This is what George Akerlof and Robert Shiller call “phishing for phools.” Increasingly, in a complicated world, figuring out how to be a good shopper who understands your interest in the market you’re transacting in becomes very important. You’re up against lots of people who don’t have terribly good motives and whose business model might, in fact, be based off of not being terribly good. There are right now, for people in their 50s, relatively notorious cases about how the gastroenterologist doing a colonoscopy is in a health insurance network, but the anesthesiologist is out-of-network. For relatively large expenditures and where it’s not easy to effectively comparison shop or even to understand the contract one’s signing, it shouldn’t be surprising that the market doesn’t do terribly well.

What is the key to protecting people from these financial manipulations?

Repeated purchases and a large-scale community of consumers who communicate with each other about what’s good and what isn’t. This is important, but it requires a dense social network, and it also requires a lot of repeated purchasing behavior. The large things — like a 40-year investment in a pension or health insurance, home ownership, automobiles — matter. People have always feared having to buy a car because they sense they’re going to be taken one way or another, and they often are. These are difficult problems.

Figuring out how to present the information people need to know in a way that’s transparent and understandable is one of the principal problems of mechanism design that economists face and one of the things that government has to do to structure the market.

Your new book starts with Alexander Hamilton and continues to explore how the U.S. government can influence economic growth. Why Hamilton, and why now?

The big point of the book is that America has always had a very activist government. We’re a country that has in its Constitution not only a general power to regulate long-distance commerce but also what was for the time a kind of advanced frontier commitment to an industrial policy of patents and copyrights. This was something very forward-looking, on the grounds that you want inventions and innovations to be highly rewarded. Ever since then the American economy, when it has worked, has worked because it has been regulated by the government in a pragmatic manner.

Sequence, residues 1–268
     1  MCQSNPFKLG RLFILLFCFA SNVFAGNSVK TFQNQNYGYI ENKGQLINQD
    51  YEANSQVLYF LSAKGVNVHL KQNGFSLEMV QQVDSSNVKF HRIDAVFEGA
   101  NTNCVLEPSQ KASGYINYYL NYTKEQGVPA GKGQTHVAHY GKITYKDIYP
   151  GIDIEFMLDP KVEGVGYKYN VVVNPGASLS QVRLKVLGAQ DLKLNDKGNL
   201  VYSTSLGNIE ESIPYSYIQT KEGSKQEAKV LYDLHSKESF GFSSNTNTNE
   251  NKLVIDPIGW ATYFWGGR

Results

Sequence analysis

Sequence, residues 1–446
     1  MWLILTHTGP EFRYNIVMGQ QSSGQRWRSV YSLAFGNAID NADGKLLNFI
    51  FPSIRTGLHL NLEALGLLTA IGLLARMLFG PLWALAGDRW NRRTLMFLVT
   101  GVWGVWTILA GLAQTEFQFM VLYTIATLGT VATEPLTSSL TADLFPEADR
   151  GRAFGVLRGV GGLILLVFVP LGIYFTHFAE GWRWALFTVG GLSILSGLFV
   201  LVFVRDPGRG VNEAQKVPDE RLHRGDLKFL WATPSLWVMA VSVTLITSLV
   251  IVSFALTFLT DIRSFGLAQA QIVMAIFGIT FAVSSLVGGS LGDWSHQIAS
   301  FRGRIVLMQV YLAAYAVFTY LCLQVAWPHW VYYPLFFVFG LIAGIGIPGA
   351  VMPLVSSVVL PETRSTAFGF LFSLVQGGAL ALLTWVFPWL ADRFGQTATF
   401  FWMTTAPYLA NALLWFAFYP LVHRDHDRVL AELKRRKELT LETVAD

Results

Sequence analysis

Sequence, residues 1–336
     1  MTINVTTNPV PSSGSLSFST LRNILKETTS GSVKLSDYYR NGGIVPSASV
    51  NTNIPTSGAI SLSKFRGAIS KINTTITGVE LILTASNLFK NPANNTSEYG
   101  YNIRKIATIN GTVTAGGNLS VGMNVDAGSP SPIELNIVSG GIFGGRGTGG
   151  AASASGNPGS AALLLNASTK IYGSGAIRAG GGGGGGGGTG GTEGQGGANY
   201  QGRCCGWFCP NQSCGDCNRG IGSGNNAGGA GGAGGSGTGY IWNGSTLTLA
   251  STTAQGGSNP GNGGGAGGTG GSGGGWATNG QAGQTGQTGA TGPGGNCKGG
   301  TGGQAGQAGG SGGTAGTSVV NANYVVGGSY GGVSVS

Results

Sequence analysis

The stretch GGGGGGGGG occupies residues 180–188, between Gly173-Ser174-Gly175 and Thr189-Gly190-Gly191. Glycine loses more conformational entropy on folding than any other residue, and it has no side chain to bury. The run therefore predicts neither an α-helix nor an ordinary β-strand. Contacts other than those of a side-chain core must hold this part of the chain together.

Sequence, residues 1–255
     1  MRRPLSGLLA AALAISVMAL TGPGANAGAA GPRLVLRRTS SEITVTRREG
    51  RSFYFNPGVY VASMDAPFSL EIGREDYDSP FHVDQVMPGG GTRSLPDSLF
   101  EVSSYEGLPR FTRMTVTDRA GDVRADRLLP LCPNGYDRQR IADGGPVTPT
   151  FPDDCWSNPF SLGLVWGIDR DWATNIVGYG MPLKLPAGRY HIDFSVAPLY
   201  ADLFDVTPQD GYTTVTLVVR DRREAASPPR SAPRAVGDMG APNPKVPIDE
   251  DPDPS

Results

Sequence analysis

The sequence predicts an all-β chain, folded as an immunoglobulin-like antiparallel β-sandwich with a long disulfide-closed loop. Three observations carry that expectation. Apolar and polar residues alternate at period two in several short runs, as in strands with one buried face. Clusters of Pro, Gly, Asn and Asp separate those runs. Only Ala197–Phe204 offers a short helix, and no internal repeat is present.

For the people who are asking what would work today to increase wealth, what support does the market need to function well, what do we need to do to make the distribution of wealth that the market produces equitable, how do we get economic growth as fast as possible, the answer is that it’s whenever people have held to ideologies that things have tended to go horribly wrong, and not exclusively in any one political direction. Although I must say that the financial deregulatory effort that I was a supporter of in the 1990s has certainly had the most horrible consequences, far more horrible than our worst nightmares, in terms of what it brought on in 2008.

The years from 1980 to today have been a total bonanza for people like me, in the top 1 percent, and even more so for the top 0.1 percent and the 0.01 percent. So even if you thought that American politics was too concerned with redistribution in 1980, you pretty much have to think that we don’t have a progressive enough tax system now. Given that the market has taken an enormous leap toward inequality, a set of politicians who are more focused on trying to put the government’s thumb on the scale to create less inequality is certainly something that’s called for.

So, the book is mostly a plea for pragmatism.

Why do extremes sell instead of pragmatism? Why do ideologies seem to reign supreme?

People want a simpler world than there is. I don’t think that extremes used to sell. I was brought up in a world where people would try to think about what would be good and then Lloyd Bentsen and John Danforth from the Finance Committee would draft a bill and then call for coalition partners from either the left or the right, and play the left and the right off against each other to assemble a legislative majority. That world could still be out there. Why it collapsed into our current political circus is unclear. We could get it back tomorrow if we were smart enough to do so.